In the end, Hellmuth kept his word. Varkonyi shaved the first lock of his hair, and then Becky Binion took over. Hellmuth auctioned his hair and eventually bought it himself for $10K, which he donated to charity.

Robert Varkonyi still plays as an amateur. At the WSOP in 2022, he cashed in twice.

2003: Chris Moneymaker — one of the greatest WSOP Champions

Chris Moneymaker

Chris Moneymaker sparked a poker boom with his victory at the WSOP Main Event and secured a ticket to a happy life. He continues to play for fun both online (as an ambassador for the Winning Poker Network) and offline. Recently, he also appeared in the documentary film “Dreamers: A New-Age Poker Documentary with Moneymaker, Konnikova, Elias, Berkey, Rampage and more”. Chris Moneymaker finished 6th in $2,650 The Venom $12,5M GTD for $382K in 2024.

2004: Greg Raymer

Greg Raymer

Before getting into poker, Greg Raymer earned two advanced degrees: one in biochemistry and another in law, and he worked for 10 years at the pharmaceutical company Pfizer.

Raymer earned the nickname “Fossilman” because of his hobby of collecting fossils and minerals. He even uses one of his specimens as a card protector.

After winning the WSOP Main Event in 2004 ($5M), Greg Raymer immersed himself in the world of poker. He continues to play in tournaments and contributes to CardPlayer.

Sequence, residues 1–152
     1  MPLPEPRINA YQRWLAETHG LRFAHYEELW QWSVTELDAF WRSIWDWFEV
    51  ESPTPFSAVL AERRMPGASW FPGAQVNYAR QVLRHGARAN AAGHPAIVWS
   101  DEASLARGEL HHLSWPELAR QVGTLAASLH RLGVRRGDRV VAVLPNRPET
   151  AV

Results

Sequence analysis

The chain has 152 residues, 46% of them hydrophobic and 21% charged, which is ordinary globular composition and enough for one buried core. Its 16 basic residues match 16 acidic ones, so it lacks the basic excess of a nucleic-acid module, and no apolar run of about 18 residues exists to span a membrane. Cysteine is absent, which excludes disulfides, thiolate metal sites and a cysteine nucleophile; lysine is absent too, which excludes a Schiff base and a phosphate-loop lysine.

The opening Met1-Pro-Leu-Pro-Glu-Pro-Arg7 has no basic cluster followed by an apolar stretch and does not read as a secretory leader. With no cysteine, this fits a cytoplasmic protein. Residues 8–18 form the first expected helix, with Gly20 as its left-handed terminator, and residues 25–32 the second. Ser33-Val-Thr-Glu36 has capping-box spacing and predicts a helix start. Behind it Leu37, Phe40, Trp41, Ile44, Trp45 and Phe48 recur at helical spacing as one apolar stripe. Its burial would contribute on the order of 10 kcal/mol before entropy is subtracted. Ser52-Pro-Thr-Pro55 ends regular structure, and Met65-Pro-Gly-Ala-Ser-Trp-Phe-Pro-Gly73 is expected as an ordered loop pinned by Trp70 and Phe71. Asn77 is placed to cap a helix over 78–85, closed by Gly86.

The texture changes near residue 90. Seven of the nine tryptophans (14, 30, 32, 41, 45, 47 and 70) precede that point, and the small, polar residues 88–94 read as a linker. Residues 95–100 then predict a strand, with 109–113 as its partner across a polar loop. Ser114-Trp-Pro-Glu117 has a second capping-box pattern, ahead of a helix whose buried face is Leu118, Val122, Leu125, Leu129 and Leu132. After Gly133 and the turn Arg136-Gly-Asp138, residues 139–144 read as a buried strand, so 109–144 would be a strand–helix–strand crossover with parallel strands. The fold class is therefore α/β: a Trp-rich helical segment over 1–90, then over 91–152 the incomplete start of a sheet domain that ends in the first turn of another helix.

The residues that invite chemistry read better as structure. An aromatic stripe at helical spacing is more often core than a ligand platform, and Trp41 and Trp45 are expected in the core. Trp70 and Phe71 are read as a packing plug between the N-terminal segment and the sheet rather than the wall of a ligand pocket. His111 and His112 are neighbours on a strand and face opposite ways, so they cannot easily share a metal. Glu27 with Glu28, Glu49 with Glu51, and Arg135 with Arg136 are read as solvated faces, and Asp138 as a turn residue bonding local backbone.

In 2013, Greg Raymer was involved in a scandal. He and five other individuals were arrested on suspicion of soliciting a prostitute. Raymer was released on bail and had to complete 75 hours of community service and undergo psychotherapeutic treatment.

2005: Joe Hachem

Joe Hachem

Joe Hachem became the first player from Australia to win the WSOP Main Event ($7.5M). Before getting into poker, he practiced chiropractic medicine, but he had to leave the medical field due to a strange illness. Hachem continues to play to this day.

2006: Jamie Gold

Jamie Gold

Jamie Gold is the holder of the largest prize in the history of the WSOP Main Event ($12M — it was the biggest prize until 2023). Before getting into poker, he worked in talent scouting in Hollywood. Jamie Gold introduced the world to Jimmy Fallon and James Gandolfini. After winning the WSOP, Gold was forced to give a portion of his winnings to a noname.

2007: Jerry Yang

Jerry Yang

In childhood, Jerry Yang, like Scotty Nguyen and Men Nguyen, fled Vietnam with his family when the communists came to power. He spent four years in a refugee camp in Thailand (where his brother and sister died).

Jerry Yang qualified for the main event through a $225 satellite. He wasn’t a professional player:

I had only one chance to win — to take risks and be aggressive in every hand. I carefully studied my opponents. As soon as I felt weakness, I took risks: raised, re-raised, went all-in. Thank God, a couple of times I got good cards at the right time.

Jerry Yang donated 10% of his winnings to charity. With the money he won, he opened the Pocket 8’s Sushi and Grill restaurant in Merced (which is still operating) — this restaurant has been awarded “Best Restaurant in Merced County” and “Best Japanese Restaurant.”